The Supreme Court of the United States affirmed the decision of the Federal Communications Commission (FCC) in a case concerning media cross-ownership rules set under section 202 (h) of the Telecommunications Act of 1996. In 2002, FCC’s decision to relax erstwhile media ownership rules which prohibited cross-ownership of newspapers with television and radio broadcast stations was challenged by Prometheus Radio Project and other public-spirited groups (Prometheus) before the U. S. Court of Appeals for the Third Circuit. Post subsequent appellate court decisions which blocked FCC’s attempt to relax such rules, its orders modifying and repealing previous ownership rules were vacated again by the Third Circuit in 2019 for failing to consider gender or social disadvantage diversity alongside racial diversity. The Supreme Court reversed the judgment of the Third Circuit which declared FCC’s orders as being arbitrary and capricious under the Administrative Procedure Act (APA). The Court noted that the assessment made by the FCC fell within the zone of reasonableness as permitted under the APA. In light of the sparse record on minority and female ownership and the FCC’s findings with respect to competition, localism, and viewpoint diversity, the Supreme Court held that the decision to repeal or modify the ownership rules was valid under law.

Teaching Freedom of Expression Without Frontiers

This section of the newsletter features teaching materials focused on global freedom of expression which are newly uploaded on Freedom of Expression Without Frontiers.

Report on Online Hate Speech
In this 2019 report by then U.N. Special Rapporteur on the promotion and protection of the right to freedom of opinion and expression David Kaye explains how international human rights law provides a framework for Governments considering regulatory options and companies determining how to respect human rights online. The Special Rapporteur begins with an introduction to the international legal framework, focusing on United Nations treaties and the leading interpretations of provisions related to what is colloquially called “hate speech”. He then highlights key State obligations and addresses how content moderation by companies may ensure respect for the human rights of users and the public. He concludes with recommendations for States and companies.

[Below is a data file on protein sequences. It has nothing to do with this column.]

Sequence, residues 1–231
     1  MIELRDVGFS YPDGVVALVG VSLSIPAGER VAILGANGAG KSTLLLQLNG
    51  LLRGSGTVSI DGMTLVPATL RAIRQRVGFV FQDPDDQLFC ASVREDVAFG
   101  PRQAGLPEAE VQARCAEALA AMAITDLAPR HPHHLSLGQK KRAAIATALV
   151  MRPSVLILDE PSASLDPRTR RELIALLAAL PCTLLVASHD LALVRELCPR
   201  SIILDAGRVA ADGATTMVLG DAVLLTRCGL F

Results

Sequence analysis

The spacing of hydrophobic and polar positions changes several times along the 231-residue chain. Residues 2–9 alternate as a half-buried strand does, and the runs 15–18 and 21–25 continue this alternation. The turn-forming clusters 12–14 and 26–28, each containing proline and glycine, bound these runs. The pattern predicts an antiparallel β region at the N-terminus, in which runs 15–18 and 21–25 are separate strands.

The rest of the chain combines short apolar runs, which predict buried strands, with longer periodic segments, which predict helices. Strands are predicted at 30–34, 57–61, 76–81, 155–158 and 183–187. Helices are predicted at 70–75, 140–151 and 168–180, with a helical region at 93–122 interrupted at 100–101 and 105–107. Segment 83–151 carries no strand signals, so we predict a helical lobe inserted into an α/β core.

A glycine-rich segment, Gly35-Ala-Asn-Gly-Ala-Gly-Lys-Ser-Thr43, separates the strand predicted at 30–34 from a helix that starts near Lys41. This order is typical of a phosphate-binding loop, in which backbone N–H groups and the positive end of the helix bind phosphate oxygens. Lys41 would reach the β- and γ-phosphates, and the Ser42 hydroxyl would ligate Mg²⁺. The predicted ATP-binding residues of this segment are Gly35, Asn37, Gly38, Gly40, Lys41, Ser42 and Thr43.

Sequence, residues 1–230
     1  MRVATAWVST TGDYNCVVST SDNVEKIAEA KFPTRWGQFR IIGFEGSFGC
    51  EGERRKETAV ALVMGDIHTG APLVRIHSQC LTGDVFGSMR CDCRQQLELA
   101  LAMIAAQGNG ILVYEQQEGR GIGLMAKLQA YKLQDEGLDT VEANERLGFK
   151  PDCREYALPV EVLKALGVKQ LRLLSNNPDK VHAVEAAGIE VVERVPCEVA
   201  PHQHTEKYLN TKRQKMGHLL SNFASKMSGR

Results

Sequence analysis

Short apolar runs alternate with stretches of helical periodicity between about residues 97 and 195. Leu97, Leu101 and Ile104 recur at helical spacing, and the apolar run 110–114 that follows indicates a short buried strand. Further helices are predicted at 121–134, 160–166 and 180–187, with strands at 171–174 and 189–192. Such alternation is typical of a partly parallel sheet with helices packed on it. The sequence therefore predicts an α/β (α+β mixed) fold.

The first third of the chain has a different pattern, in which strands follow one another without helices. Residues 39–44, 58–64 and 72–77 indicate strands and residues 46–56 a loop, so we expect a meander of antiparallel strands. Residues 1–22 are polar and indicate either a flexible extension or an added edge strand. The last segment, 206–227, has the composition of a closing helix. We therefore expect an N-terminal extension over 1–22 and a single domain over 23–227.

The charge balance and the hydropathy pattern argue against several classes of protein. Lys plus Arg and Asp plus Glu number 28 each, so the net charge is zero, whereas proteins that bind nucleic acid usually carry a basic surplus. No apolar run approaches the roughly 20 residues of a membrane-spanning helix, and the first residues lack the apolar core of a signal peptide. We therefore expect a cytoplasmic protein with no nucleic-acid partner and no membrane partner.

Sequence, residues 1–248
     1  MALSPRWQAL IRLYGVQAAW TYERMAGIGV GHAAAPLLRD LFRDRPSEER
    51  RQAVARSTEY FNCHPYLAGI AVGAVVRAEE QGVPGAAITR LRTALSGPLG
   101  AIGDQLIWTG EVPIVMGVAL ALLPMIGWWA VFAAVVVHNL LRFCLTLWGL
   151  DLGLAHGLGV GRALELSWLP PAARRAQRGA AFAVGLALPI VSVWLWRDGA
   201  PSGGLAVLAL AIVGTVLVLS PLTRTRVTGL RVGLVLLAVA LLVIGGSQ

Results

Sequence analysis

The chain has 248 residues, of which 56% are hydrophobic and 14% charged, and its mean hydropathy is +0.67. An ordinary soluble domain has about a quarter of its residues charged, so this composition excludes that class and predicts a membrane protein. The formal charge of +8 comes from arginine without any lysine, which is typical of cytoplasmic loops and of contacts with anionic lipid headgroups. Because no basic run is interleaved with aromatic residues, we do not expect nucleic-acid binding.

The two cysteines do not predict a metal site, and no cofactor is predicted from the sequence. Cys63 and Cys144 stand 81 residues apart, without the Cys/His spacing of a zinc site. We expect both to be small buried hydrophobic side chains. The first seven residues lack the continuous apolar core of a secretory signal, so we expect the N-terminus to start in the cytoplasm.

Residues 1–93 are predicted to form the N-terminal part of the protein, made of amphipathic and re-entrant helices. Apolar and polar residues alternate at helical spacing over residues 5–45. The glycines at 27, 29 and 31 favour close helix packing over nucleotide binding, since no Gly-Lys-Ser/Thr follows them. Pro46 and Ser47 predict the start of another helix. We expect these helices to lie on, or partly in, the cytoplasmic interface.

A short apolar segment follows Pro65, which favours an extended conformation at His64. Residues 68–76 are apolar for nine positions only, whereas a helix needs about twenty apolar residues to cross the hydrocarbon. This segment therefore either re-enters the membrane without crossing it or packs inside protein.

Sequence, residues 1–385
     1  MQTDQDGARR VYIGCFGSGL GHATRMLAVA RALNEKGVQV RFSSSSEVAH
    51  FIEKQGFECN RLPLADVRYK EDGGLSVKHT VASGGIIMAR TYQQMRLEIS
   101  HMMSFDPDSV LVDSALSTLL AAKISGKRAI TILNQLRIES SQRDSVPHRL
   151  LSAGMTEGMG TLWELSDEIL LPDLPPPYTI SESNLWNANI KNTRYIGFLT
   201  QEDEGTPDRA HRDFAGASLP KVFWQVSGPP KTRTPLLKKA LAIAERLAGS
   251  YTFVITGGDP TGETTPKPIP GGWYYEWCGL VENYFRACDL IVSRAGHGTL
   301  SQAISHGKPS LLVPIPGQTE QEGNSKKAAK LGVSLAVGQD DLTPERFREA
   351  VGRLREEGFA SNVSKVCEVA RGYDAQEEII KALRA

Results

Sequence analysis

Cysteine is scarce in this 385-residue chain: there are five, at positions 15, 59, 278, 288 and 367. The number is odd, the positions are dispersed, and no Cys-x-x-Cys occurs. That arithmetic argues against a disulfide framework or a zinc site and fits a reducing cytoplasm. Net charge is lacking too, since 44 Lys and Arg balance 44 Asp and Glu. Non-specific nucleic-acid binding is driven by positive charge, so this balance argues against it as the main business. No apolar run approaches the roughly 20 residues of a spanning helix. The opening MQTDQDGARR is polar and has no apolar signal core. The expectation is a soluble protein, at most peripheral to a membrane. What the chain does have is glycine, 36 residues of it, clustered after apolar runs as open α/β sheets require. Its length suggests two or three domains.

Hate: Why we should Resist it with Free Speech, Not Censorship
Nadine Strossen, professor of law at NYU School of Law and former president of the ACLU, spoke at Claremont McKenna College about her book Hate: Why we should Resist it with Free Speech, Not Censorship in which she dispels the many misunderstandings that have clouded the perpetual debates about “hate speech vs. free speech.” She argues that an expansive approach to the First Amendment is most effective at promoting democracy, equality, and societal harmony and that anti-hate speech laws are not effective in reducing the feared harms, and worse yet, are likely counterproductive by giving enforcement officials the power to suppress vital expression and target minority viewpoints. The solution, maintains Strossen, instead is to promote equality and societal harmony through vibrant “counterspeech”

Post Scriptum

●  Anushka Sahay writing for JURIST reports that “five journalists who were on the list of alleged surveillance targets by Indian government agencies using Israeli hacking software Pegasus on Monday filed writ petitions with the Supreme Court of India stating that the agencies violated their fundamental rights, guaranteed under the Constitution of India, through unauthorized use of surveillance.”

● In an essay for the Knight First Amendment Institute’s Occasional Paper series, “Amplification and its Discontents,” Daphne Keller discusses the many challenges to regulating algorithms as a means to restrict distribution of harmful or illegal content. While her analysis is based largely on U.S. First Amendment law, she also refers to “novel regulatory models” which are more prevalent in Europe. She concludes “that many models for regulating amplification face serious constitutional hurdles, but that a few—grounded in content-neutral goals, including privacy or competition—may offer paths forward” to better laws and policies.

This newsletter is reproduced with the permission of Global Freedom of Expression.  For an archive of previous newsletters, see here.